FASHION DIGEST: SJU Power Hour: What Does Fashion Look Like Since COVID?


Photo Courtesy/ Unsplash Guilherme Santiago (United Nations Covid-19 Response)

Every Tuesday, Susan M. Damiani, a St. John’s class of 1987 alumna and director of University Gift Planning and The McCallen Society hosts professors and alumnus to speak on her virtual power hour about specific industries or events in light of COVID-19. On Sept.  15, Damiani held one such seminar, entitled, “What Does Fashion Look Like Since the Pandemic?” 

“Fashion and Lifestyle Shifts Since the Pandemic,” featured panelists Dr. Andrea Licari, professor in the Collins College of Professional Studies (CCPS) and Director of the University’s Fashion Institute with extensive knowledge on the industry, and CCPS professor Nicole Mussenden, who teaches fashion and marketing as well as management courses at SJU.

To begin the conversation, both professors addressed Fashion Week 2020, or the lack thereof. As many of us know, Fashion Week (and Month) looked a lot different this year. With designers either pulling their collections, debuting pre-recorded shows or short virtual presentations to show off their Spring/Summer 2021 designs, there are no celebrities to be seen in the aisles, and very limited models to dress.

“Fashion has seven cycles, which have now been taken down to four,” Licari said. In light of the state of the world’s health and climate, both socially and environmentally. fashion has been oft called upon to change its industry practices. Licari mentioned a number of things that she and Mussenden are teaching their students in fashion courses at SJU.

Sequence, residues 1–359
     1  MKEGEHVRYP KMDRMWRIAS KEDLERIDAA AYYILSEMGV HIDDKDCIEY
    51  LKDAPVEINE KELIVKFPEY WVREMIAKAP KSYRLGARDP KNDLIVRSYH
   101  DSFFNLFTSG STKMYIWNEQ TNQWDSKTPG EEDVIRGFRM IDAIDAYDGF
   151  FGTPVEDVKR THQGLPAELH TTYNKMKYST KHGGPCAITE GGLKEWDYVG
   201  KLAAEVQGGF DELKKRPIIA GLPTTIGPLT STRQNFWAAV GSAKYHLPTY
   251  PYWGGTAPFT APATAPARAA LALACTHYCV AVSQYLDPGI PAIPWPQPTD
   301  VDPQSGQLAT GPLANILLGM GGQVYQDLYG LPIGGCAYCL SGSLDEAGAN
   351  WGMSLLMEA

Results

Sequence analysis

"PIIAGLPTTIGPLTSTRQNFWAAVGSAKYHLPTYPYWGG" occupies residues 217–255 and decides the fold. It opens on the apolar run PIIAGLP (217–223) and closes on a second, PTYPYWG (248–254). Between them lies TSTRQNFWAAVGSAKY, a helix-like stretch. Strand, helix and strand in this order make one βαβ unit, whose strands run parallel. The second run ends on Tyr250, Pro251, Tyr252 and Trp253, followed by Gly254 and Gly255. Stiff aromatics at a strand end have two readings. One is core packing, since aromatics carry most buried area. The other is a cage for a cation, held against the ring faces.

“We focus on sustainability and cover topics such as how to design fabrics that have a long life span, use less waste, fair trade and the importance of treating people well,” Licari said. “This method of thinking at St. John’s is being used all across the industry as fashion tries to shift to more sustainability.”

In regard to consumer behavior during the pandemic, Mussenden said, “During this time, we are buying products that we need and are lasting. This is sustainability.” 

People are not looking for Haute Couture at this time, Licari explained. People are buying more loungewear, sweaters and anything that secures your self-help and comfort. Mussenden chimed in to speak about Gucci launching a sustainable line in light of their most recent partnership with high-end online retailer, The RealReal. 

The demand for designer shoes for men is down, Mussenden explained. People are not attending events, going to dinners and outings are scarce. To refer to Licari’s point, people want to be comfortable at home. Slipper sales and loungewear have drastically increased, according to The Business of Fashion. Many retailers such as Macy’s, URBN and others are pushing advertisements for loungewear and pajamas.

 “Both Ugg and Croc sales are up,” Mussenden said. 

Licari also explained that small businesses and budding designers are taking advantage of this pandemic by selling masks and making PPE for healthcare workers and those  that need it. Vogue highlighted local designer Christian Siriano in March, praising him for halting his usual couture production to make masks for hospital workers all over New York City. He recently hosted his show virtually from his backyard,  with minimal guests, socially distanced models that wore masks. With people wearing masks, Mussenden posed the fact that lipstick sales are down and eye makeup is up. Skin care is on the rise and face makeup is “not trending,” as we say in the industry. 

We all have had to shift and adapt in ways we could have never imagined. This power hour seminar with Licari and Mussenden provided incredible insight into the market, the state of fashion and where the future of the industry is headed.

If you are interested in watching this Power Hour, the recorded show can be found on Youtube